*Awarded the 2012 Gordon White Prize for "the most original article or research report published in The China Quarterly in the relevant year".
This article examines the profound transformation market reforms have brought to the leadership of the Chinese Communist Party's (CCP) rural grassroots organizations. Focusing on the political rise of private entrepreneurs and other economically successful individuals who recently obtained village Party secretary appointments in a north China county, the article explores their differing promotion channels, power bases, political resources and motivations to take up the CCP's grassroots leadership position. It demonstrates that the variety among the new entrepreneurial Party secretaries – from large factory owners to de facto farm managers – shaped the network resource, factional affiliation and socio-political capital they rely upon to exercise their newly attained power. It also shows the crucial role played by community-based endogenous forces in transmitting the power of economic liberalization into dynamics for the reshuffling of the Communist Party leadership at the grassroots level.
Why do authoritarian regimes endure? Today, scholars tend to deem political institutions "essential for understanding authoritarian politics". Under communist systems, many of these critical regime-supporting functions are undertaken by a particular kind of political institution—the inclusive regime institution. However, inclusive regime institutions of the People's Republic of China (PRC) have remained remarkably under-explored, leaving us with a significantly inadequate understanding of the Chinese party-state and the reasons for its persistence. Drawing on a rich collection of internal working documents collected from the Z County Archives in Hebei Province in 2009, this article is the first attempt to systematically study the functional and political role of a pivotal inclusive regime institution in China—the Chinese People's Political Consultative Conference (CPPCC, 中国人民政治协商会议). By exploring original texts that vividly record the daily operations of the Z County CPPCC over two decades, this article demonstrates that the CPPCC, one of the primary organizational structures of the Chinese Communist Party's (CCP) United Front (tongyi zhanxian, 统一战线), plays a far more important political role than previously thought.
Through conducting ideological indoctrination, dispensing preferential treatment, facilitating controlled political participation and performing constant surveillance over non-communist elites and other social leaders, the CPPCC provides the party-state with an important platform for co-opting potentially threatening social forces, a forum for policy bargaining, a channel for monitoring various social sectors and a mechanism for offering material benefits to the regime's most loyal and trustful collaborators. The party-state also uses this unique consultative body as an instrument for garnering social feedback and building good governance through soliciting advice from CPPCC members and organizing periodic inspection tours. Overall, as this article will show, the CPPCC helps consolidate the communist regime's social base, improve the quality of public services and ultimately strengthen the regime's control over society.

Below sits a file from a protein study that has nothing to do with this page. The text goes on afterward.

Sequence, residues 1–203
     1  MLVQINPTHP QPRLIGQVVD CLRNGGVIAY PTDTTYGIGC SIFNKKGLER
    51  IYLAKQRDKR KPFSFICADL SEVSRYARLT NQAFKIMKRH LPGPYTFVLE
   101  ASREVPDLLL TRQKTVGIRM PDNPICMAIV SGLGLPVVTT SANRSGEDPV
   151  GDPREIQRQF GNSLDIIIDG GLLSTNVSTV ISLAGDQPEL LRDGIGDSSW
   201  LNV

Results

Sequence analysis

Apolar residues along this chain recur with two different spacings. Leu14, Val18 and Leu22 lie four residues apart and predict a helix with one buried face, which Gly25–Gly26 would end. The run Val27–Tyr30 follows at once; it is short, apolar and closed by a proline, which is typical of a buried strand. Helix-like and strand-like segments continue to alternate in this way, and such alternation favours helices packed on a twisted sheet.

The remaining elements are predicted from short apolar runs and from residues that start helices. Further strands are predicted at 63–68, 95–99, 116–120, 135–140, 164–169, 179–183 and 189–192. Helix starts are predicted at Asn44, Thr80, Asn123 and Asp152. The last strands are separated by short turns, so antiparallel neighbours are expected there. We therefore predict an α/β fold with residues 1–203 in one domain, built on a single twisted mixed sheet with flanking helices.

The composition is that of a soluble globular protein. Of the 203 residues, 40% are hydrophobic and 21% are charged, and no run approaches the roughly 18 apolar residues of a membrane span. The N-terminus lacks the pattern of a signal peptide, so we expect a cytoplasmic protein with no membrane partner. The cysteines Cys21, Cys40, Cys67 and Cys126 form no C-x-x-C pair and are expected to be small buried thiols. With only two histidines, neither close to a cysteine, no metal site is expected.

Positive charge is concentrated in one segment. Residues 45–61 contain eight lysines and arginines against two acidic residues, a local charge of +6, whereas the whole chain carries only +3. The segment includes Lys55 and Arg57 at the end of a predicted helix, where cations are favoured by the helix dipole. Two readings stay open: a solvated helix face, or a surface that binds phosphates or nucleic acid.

Liberal economic reforms in the post-Maoist era have deprived the grassroots party-state in rural China of its traditional sources of revenue, thereby gradually transforming it from a socialist rentier state into a postcommunist taxation state. The need for taxation by consent to finance the provision of local public goods necessitates the opening of more institutionalized channels of representation and promotes democratic political change at the local level.
In my opinion there are three reasons as to why China is being considered the bad guy; the first one is difference, the second is change, and the third is the future.
We must consider not only the text of this law but also the political discourse surrounding it.
This seminar discussed some “big picture” questions surrounding the Hong Kong National Security Law (NSL) and “One Country, Two Systems”(OCTS).
By Qiushi / Read More
"Countries that enjoyed full universal suffrage overnight, as in the case of many decolonized countries post World War II, exhibit problems adapting their societies to crash democratization," Yan said.
University of Hong Kong Associate Professor Yan Xiaojun said, "Hong Kong is one of the most important cities in China. It plays a disproportionate role in the national economy."
University of Hong Kong Associate Professor Yan Xiaojun said Hong Kong's proposed Nominating Committee, when compared to Western models, was a more representative institution.
On a Sunday afternoon three years ago, one of China's most-wanted fugitives, dressed in baggy jeans and a striped shirt, walked into the country's pagoda-shaped consulate in Vancouver. Li Dongzhe was ready to take the biggest gamble of his life.
By The Wall Street Journal / Read More
"We have seen a transition from hunting down the 'tigers' to system improvement, such as the registration of real estate," Yan said, adding the anti-corruption campaign would inject "positive energy" into the sessions and present a "new look of the government to the public".
By South China Morning Post / Read More
By 青年參考 / Read More
──周錫瑞(Joseph W. Esherick), 加州大學聖地亞哥分校教授
By HKU Press / Read More
──白瑞琪教授(Marc Blecher), 美國歐柏林大學政治系教授
By The Chinese University Press / Read More
2009 HKU, Seed Funding for Basic Research for New Staff (HKD120, 000)
2011 HKU, Seed Funding for Basic Research (HKD43,000)
2010 HKU, Small Project Funding (HKD80,000)
2013-14 Research Grants Council, Early Career Scheme (HKD733,240)
2013 HKU, Small Project Funding (HKD80,000)
2014 HKU, Seed Funding for Basic Research (HKD83, 800)
2012 HKU, Small Project Funding (HKD73,600)